• ADVERTISEMENT

    USA Today Walks the Talk of Audience Involvement

    by Mark Glaser
    March 9, 2007

    i-d3295c5a0f65bda23b3b0af84afcc913-USA Today redesign.jpg
    When a major newspaper announces it is redesigning its print layout or website, it doesn’t usually merit much attention. The regular readers usually complain about it, and then get used to it, and life goes on. But in the case of USA Today redesigning its website, there was more at play than a new look; the site added social networking-type features and an added emphasis on reader comments and interaction.

    Among the many changes:

    > You can see the entire text of recent entries of the On Deadline blog on the home page of the site by clicking a “News Notes” tab.

    ADVERTISEMENT

    > There are rotating quotes from all the reader comments on the home page, and reader comments on every story and even on every reader profile.

    > Readers can “recommend” stories with a click of the mouse, so that you can see what stories other people like.

    > To make a comment, you have to register and create a profile, a mini-version of what you might see on a social networking site such as MySpace.

    ADVERTISEMENT

    > A “Blogs” section on the homepage highlights USA Today blogs as well as blogs from around the web.

    > A Community Center blog highlights ways that the newspaper is utilizing its website and audience, and also points to some of the better reader input.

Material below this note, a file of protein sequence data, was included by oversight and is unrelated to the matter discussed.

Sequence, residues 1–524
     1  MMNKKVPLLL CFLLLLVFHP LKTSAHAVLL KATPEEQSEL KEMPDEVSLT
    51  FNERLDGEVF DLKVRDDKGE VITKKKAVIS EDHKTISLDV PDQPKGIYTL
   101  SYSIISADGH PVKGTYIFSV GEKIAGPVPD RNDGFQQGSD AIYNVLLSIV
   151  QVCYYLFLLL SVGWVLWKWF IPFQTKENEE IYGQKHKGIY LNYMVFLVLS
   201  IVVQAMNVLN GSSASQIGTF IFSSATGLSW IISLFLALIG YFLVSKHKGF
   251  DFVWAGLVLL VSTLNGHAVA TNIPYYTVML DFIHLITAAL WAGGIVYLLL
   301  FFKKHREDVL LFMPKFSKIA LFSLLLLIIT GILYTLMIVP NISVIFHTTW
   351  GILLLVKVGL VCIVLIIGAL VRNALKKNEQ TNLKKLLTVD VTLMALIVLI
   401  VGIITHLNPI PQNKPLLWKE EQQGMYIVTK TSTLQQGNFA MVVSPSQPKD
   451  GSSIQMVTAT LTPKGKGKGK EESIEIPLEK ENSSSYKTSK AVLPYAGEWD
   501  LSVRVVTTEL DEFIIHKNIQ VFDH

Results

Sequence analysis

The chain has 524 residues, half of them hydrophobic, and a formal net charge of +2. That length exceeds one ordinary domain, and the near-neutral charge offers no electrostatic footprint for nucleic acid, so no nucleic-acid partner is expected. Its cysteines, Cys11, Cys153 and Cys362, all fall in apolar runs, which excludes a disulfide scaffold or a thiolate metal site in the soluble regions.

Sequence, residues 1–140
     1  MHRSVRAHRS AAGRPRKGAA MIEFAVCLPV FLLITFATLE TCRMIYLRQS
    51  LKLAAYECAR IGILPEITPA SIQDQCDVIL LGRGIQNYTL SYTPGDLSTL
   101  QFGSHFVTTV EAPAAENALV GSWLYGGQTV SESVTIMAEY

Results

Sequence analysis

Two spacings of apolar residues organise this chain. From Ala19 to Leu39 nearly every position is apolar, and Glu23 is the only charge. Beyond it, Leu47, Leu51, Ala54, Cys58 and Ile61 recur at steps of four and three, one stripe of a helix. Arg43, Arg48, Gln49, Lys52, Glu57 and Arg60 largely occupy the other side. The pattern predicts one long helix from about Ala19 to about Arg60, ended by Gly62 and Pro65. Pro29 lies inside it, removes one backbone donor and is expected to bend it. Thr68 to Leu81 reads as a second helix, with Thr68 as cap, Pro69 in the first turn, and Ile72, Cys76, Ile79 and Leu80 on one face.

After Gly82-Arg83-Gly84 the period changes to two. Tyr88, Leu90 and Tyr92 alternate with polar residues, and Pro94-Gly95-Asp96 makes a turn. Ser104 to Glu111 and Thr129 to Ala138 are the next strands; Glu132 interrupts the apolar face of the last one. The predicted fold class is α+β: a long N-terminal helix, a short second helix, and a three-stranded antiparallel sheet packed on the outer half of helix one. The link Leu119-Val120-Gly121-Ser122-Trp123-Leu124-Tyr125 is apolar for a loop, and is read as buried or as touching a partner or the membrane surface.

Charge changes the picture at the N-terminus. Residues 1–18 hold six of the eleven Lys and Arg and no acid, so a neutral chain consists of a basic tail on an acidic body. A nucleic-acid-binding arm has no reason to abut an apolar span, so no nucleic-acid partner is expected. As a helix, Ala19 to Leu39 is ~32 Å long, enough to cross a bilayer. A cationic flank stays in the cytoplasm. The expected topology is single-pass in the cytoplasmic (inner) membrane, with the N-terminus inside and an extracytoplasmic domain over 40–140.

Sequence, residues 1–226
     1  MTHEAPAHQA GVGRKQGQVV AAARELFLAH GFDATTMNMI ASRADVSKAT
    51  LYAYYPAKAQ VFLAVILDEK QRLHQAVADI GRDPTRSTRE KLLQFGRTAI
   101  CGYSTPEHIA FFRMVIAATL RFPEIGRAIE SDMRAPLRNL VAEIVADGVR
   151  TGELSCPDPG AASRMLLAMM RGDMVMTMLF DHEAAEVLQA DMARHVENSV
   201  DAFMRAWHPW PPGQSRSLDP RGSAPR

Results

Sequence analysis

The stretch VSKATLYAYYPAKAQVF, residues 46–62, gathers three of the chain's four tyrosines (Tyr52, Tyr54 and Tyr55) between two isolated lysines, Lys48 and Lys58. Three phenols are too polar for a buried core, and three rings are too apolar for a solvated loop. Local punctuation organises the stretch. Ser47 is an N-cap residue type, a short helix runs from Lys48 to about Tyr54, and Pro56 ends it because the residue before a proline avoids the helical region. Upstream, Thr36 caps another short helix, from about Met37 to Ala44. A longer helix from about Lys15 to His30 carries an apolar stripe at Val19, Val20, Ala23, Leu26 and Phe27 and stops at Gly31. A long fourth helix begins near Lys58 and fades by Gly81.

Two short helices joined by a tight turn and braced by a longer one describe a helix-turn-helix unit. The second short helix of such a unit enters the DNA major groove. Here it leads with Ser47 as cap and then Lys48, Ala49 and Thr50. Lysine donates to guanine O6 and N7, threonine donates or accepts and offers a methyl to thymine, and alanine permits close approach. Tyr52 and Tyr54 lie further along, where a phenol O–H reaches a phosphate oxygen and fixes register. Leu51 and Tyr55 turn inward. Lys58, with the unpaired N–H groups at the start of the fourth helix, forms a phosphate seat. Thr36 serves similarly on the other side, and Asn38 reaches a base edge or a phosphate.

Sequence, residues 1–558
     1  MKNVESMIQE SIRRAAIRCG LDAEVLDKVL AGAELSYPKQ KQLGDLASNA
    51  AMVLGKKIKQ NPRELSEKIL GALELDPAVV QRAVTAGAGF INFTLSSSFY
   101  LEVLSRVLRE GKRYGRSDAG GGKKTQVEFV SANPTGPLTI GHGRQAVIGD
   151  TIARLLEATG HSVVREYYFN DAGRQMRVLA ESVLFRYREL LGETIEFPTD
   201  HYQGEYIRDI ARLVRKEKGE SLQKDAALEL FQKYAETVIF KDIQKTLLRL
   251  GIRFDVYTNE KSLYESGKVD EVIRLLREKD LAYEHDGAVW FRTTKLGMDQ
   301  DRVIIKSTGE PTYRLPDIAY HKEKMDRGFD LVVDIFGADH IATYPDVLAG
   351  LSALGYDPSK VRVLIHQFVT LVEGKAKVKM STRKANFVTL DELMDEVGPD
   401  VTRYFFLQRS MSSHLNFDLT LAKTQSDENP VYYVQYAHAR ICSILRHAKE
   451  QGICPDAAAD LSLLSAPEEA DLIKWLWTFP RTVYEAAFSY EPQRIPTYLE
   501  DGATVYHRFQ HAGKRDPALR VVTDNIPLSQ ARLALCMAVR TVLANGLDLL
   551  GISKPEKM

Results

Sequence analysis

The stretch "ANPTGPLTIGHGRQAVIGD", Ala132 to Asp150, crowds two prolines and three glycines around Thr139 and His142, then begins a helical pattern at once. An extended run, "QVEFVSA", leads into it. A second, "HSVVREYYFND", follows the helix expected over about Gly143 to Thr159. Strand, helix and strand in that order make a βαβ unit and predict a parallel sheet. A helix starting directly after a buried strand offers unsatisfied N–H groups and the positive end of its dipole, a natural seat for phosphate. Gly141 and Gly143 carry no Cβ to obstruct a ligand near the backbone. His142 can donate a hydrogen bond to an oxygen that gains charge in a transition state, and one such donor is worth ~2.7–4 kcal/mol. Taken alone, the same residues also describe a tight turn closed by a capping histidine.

While most press critics have lambasted USA Today as “McPaper” with short stories and down-the-middle viewpoints, the paper has actually been ahead of the curve in many respects. It was quick to embrace color in print and its short articles are almost a precursor to web reading habits.

    In some respects this revamp puts it ahead of the curve again in social media and creating community on a big newspaper website — especially for a newspaper that caters to a larger potential audience than the Washington Post or New York Times. Rather than simply talking the talk with little action, USA Today is delivering talk with a lot of action, and literally putting themselves out into the fray.

    First Big Test of Reader Feedback

    In the most commented-on story so far, USA Today explained why it had made the changes to its website, and was immediately inundated with attacks from readers who hated the redesign. Not only were people upset with the slow-loading pages and cluttered design, they were also angry with what they deemed to be too much emphasis on blogs and reader feedback and quotes.

    “Social media may be the next big thing, but if I wanted to get my news from MySpace, I would,” wrote KLWestbrook. (Strangely enough, MySpace is considering adding news of a sort.)

    Scott Karp writes the personal blog Publishing 2.0, and is managing director of Atlantic Media as a day job. He keenly noted on his blog that the new media cognoscenti were all congratulating USA Today while its readers were in an uproar. His blog post posed the perfect question: Who’s Right About the Social Media Revolution: The People or the Revolutionaries? Well, you can’t have a revolution without the people.

    So how would USA Today respond to all the criticism after making the whole redesign about giving its audience a say in things? To their credit, they have already taken some action. Executive editor Kinsey Wilson went online to tell people that USAToday.com had tweaked its design to remove some white space and speed up page loads. (It was still generally slow for me this afternoon.)

    i-507a2289129b6d6a47756629f8a37809-Kinsey Wilson profile.jpg
    Kinsey Wilson’s profile